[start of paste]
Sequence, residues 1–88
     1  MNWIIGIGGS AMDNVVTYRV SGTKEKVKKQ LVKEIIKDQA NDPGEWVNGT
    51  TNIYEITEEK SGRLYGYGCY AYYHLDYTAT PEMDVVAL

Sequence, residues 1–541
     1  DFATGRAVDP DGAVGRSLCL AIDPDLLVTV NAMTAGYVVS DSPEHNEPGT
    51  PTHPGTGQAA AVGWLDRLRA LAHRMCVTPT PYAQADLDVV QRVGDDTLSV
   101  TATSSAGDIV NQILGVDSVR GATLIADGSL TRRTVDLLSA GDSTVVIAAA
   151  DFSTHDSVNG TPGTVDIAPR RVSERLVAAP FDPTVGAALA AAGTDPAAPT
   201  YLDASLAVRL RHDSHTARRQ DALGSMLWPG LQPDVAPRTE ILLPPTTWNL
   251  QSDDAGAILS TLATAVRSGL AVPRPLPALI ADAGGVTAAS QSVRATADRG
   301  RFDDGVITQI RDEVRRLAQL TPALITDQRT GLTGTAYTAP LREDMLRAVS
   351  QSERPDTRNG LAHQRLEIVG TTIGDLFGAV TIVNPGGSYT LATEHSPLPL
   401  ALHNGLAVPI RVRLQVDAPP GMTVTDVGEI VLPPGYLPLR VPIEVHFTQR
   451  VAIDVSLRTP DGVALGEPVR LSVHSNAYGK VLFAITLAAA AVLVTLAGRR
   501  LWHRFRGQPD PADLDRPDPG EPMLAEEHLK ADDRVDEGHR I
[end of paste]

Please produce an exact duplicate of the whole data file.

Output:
Sequence, residues 1–88
     1  MNWIIGIGGS AMDNVVTYRV SGTKEKVKKQ LVKEIIKDQA NDPGEWVNGT
    51  TNIYEITEEK SGRLYGYGCY AYYHLDYTAT PEMDVVAL

Sequence, residues 1–541
     1  DFATGRAVDP DGAVGRSLCL AIDPDLLVTV NAMTAGYVVS DSPEHNEPGT
    51  PTHPGTGQAA AVGWLDRLRA LAHRMCVTPT PYAQADLDVV QRVGDDTLSV
   101  TATSSAGDIV NQILGVDSVR GATLIADGSL TRRTVDLLSA GDSTVVIAAA
   151  DFSTHDSVNG TPGTVDIAPR RVSERLVAAP FDPTVGAALA AAGTDPAAPT
   201  YLDASLAVRL RHDSHTARRQ DALGSMLWPG LQPDVAPRTE ILLPPTTWNL
   251  QSDDAGAILS TLATAVRSGL AVPRPLPALI ADAGGVTAAS QSVRATADRG
   301  RFDDGVITQI RDEVRRLAQL TPALITDQRT GLTGTAYTAP LREDMLRAVS
   351  QSERPDTRNG LAHQRLEIVG TTIGDLFGAV TIVNPGGSYT LATEHSPLPL
   401  ALHNGLAVPI RVRLQVDAPP GMTVTDVGEI VLPPGYLPLR VPIEVHFTQR
   451  VAIDVSLRTP DGVALGEPVR LSVHSNAYGK VLFAITLAAA AVLVTLAGRR
   501  LWHRFRGQPD PADLDRPDPG EPMLAEEHLK ADDRVDEGHR I